When Scottish journalist Pamela Timms came to India in 2005 with her husband and her three children it was meant to be a short trip for her. But they settled down in Delhi, where her husband is now the South Asia editor of London’s Telegraph newspaper.
Desperately seeking a way out from boredom and tedious routine, she started wandering around Delhi and ended up falling in love with the city’s old quarters, which later became her regular escape from the hullabaloo of her surroundings.
The lanes of Purani Dilli gave her the solace which she probably failed to get at her south Delhi residence. As she became frequent and familiar with the walled city, she was amazed at the variety of food and eateries. And there, she decided to pen down her gastronomic experience.
The book titled “Korma Kheer and Kismet, five seasons in Old Delhi” (Aleph Publication, Rs 395), which took two years to complete, explicitly speaks of her experience across the chaotic and medieval gullies. The book does not suggest fancy food joints or restaurants. It is a food memoir.
“I can hardly believe it has been almost a decade in Delhi with my husband and children”, Timms told IANS, adding she plans to return to Edinburgh in Scotland at some point.
Timms, who is currently associated with LiveMint and writes about food, is also regular with her “Eat and Dust” blog that reflects her love for food.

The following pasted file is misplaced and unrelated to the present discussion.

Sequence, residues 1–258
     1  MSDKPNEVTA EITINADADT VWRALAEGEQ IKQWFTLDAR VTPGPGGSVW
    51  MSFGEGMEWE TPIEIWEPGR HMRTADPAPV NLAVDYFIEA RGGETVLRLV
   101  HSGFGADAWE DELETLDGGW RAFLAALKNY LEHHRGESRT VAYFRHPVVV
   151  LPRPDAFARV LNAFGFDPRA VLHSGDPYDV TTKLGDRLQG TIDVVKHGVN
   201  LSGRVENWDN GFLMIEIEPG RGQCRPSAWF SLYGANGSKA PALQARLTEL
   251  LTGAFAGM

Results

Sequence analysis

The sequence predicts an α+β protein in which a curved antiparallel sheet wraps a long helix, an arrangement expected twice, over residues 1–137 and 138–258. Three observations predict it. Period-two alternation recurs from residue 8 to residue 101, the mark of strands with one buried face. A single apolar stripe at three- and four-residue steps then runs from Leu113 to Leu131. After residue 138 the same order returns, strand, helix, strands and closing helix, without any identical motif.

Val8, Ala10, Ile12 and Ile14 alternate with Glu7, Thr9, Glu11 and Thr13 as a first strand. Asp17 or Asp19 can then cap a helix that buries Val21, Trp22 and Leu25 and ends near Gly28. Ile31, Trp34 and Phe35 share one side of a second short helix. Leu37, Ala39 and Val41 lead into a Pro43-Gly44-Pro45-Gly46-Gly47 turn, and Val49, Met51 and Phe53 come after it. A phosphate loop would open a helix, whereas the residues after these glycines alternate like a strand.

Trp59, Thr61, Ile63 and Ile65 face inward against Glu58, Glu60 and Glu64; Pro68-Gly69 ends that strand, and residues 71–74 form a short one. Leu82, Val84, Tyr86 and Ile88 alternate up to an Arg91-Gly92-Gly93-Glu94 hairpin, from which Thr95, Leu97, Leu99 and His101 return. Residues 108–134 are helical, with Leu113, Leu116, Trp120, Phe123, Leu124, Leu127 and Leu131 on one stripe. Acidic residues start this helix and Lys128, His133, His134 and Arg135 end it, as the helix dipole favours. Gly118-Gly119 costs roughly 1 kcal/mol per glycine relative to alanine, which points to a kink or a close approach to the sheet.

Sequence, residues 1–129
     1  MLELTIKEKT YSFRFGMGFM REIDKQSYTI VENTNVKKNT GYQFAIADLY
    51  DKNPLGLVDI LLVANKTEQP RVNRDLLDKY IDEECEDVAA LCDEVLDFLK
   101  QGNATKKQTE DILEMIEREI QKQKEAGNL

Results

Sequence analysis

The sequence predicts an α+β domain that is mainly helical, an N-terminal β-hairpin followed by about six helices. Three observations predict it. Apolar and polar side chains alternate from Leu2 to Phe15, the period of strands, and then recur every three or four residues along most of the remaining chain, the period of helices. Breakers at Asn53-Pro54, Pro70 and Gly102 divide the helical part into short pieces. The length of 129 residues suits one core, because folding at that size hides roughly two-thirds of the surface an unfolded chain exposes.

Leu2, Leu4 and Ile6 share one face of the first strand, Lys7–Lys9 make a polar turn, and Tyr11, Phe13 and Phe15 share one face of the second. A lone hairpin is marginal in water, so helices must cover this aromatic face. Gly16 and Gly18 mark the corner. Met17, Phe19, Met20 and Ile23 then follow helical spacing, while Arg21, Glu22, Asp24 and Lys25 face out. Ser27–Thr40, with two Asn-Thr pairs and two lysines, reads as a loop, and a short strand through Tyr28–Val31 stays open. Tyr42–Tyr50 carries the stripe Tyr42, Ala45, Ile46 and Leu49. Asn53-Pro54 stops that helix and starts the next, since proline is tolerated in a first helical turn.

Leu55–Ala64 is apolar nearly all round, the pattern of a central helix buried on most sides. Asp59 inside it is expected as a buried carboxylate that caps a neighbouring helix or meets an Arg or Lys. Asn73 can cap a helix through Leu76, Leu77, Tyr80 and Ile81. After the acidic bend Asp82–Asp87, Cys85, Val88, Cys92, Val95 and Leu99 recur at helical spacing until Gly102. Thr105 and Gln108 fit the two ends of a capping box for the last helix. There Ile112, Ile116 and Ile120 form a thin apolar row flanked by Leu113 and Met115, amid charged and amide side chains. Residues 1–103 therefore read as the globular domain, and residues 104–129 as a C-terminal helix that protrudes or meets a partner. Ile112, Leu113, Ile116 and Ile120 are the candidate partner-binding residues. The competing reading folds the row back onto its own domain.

“I have always been obsessed with food. I grew up in a family which believes in the importance of eating well. I believe food is what binds people together,” Timms maintained.
Being a food blogger and author, Timms is an born foodie.
“There is very little that I don’t like. I have a weakness for anything fried, particularly aloo tikki and jalebis,” she replied when asked about her favourite Indian street food.
The book describes the food culture of Old Delhi and her discovery of bylanes which are a treasure-house of Mughal recipes.
“Old Delhi became my regular escape because it was like visiting another world, very different from Edinburgh or South Delhi where we live. One of the main things I was interested in was, of course, food. As I ate more and more I quickly realised that this was some of the best food I had ever eaten” Timms explained.
The lanes became her home. The book, which unfolds a series of journeys, not only just speaks of food but also the people she came across during her visits to Old Delhi.
Timms fondly talks about noted street food journalist in a national daily Rahul Verma (Chuchun to many), who had a huge influence on her.
“Rahul was a guide in my early days and I have been with him several times to Old Delhi. His knowledge of street food is encyclopaedic, ” Timms added.
She also mentions a group called Eating Out in Delhi who helped her to discover many dishes she had missed.
Not just a memoir, but the book is also flavoured with delectable recipes at the end of every chapter. The book also speaks about storied shops and how she cajoled their owners and khansamas to reveal their secret recipes. She unravels the mysterious surrounding dishes like Ashok mutton korma, Bade Mian ki kheer, ‘Old and Famous’ jalebiwala and her favourite – daulat ki chaat.
Asked if she is planning a second food memoir, she said: “I am in the early stages of working on some more book ideas but they will be very different from ‘Korma, Kheer and Kismet'”.